Sen. Lisa Murkowski Visits UAS Ketchikan Maritime Training Center
With over 70,000 workers in the state’s maritime industry, nearly all Alaskans depend in one way or another on the maritime economy.
Date of Press Release: March 2, 2020
The University of Alaska Southeast (UAS) Maritime Training Center in Ketchikan hosted Senator Lisa Murkowski for a tour of the facility on February 21. UAS Ketchikan has been training mariners for over thirty years. The UAS Maritime Training Center is a state-of-the-art facility that provides maritime programs meeting regional needs throughout Southeast Alaska. Located directly on the water, it houses a comprehensive welding lab, navigation simulator, and a diesel and electronics lab.
Sen. Murkowski noted that she was impressed with the facility and the labs, specifically the diesel, welding, and ship simulator labs. The tour was led by professors Mike LaBarge, Mariah Warren, and Larry O’Loane, along with campus director Dr. Priscilla Schulte. LaBarge teaches Maritime Studies, Warren teaches Marine Transportation in Security/Safety/Health, and Larry O'Loane is an Assistant Professor of Power Technology.
Sen. Murkowski expressed support for Alaska’s maritime industry as a whole. She thanked each faculty member for providing "valuable training opportunities for Alaskans." With over 70,000 workers in the state’s maritime industry, nearly all Alaskans depend in one way or another on the maritime economy. The state is highly dependent on shipping for imports of food and other goods, as well as exports for oil, seafood, and minerals. Alaska’s economy is also dependent upon water transport, bringing visitors on cruise ships, managing ports and harbors, traveling on the Alaska Marine Highway ferry system, and maintaining the equipment and machinery essential to villages, towns, and cities.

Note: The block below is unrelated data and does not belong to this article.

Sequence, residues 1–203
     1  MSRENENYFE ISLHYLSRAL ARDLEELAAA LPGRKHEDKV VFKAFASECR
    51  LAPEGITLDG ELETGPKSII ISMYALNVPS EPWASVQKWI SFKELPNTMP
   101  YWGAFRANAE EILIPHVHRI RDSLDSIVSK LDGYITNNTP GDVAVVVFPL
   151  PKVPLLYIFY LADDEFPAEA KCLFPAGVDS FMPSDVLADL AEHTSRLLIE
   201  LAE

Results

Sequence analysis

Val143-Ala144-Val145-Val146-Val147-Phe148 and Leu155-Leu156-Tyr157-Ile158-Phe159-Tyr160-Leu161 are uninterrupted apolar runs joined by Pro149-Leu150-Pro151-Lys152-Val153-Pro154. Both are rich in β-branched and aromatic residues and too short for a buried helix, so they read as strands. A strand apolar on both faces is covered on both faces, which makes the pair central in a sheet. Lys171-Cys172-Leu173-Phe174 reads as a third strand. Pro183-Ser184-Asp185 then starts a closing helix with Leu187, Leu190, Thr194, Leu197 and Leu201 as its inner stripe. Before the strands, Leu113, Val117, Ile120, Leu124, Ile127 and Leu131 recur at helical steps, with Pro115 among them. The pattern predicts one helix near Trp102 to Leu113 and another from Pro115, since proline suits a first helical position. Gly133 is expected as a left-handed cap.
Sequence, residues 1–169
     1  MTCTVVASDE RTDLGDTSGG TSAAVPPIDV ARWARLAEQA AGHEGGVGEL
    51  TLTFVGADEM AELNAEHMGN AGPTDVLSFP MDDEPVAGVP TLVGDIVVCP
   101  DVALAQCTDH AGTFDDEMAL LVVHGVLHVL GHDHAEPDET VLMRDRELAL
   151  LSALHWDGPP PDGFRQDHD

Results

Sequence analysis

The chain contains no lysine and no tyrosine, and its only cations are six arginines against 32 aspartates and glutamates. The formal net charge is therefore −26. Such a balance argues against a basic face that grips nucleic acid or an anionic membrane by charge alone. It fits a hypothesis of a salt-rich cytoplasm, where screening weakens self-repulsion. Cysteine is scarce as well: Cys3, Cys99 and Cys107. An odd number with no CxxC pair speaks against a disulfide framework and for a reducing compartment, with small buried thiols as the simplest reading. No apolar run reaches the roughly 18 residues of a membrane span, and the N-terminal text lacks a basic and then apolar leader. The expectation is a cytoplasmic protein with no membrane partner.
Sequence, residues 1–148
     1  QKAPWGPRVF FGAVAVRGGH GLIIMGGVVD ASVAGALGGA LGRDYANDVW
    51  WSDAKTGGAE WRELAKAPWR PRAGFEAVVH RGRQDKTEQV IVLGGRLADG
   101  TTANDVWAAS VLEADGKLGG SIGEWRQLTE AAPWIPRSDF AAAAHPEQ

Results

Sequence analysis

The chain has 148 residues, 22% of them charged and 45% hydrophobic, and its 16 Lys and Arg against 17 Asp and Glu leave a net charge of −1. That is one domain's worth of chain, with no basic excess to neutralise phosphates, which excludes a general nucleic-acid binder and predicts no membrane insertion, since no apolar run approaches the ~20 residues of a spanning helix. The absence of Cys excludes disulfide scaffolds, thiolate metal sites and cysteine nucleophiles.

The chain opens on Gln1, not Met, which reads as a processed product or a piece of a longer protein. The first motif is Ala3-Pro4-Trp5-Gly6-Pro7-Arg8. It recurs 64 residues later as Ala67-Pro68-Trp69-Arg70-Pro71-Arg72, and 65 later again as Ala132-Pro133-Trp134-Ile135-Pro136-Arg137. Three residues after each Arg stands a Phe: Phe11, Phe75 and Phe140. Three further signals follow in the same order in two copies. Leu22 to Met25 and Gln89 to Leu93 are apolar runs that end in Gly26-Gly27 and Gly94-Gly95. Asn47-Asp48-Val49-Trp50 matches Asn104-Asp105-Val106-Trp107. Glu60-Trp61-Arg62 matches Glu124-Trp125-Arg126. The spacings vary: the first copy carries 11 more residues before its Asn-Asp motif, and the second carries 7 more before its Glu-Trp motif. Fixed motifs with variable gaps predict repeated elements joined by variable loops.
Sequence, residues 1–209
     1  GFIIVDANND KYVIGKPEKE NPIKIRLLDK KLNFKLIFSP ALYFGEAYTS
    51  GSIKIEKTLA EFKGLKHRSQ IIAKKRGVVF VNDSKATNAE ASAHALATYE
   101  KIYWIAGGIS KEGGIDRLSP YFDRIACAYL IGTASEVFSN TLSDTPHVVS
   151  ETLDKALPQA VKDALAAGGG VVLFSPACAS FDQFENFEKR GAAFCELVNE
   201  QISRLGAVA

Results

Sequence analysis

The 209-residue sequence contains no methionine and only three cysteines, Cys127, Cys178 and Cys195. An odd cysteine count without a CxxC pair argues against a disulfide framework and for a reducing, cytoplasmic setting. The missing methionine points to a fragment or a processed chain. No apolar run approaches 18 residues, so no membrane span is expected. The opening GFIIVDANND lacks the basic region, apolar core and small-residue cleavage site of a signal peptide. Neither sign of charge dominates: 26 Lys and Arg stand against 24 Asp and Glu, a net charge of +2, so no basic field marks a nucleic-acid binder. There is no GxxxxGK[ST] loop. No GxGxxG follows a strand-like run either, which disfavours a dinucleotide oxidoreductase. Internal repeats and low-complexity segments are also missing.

UAS provides coursework needed to put students on the path to successful maritime careers. Using a combination of seatime and maritime classes taken at either the UAS Ketchikan or Juneau campuses, students can advance from deckhand to third mate. UAS prepares individuals to handle the responsibilities of limited tonnage vessels, and to take on the duties of an officer or owner. With a variety of our lecture courses delivered online, working students can attend class with added convenience.
The Qualified Member of the Engine Department (QMED) credential offers a unique opportunity for advancement in the maritime industry, meeting the United States Coast Guard Transportation Worker Identification Credential (TWIC) requirements. Students learn industrial skills that can be applied to occupations in ship building, mining, seafood processing plants and marine engine rooms, as well as other heavy industrial occupations.
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University of Alaska Southeast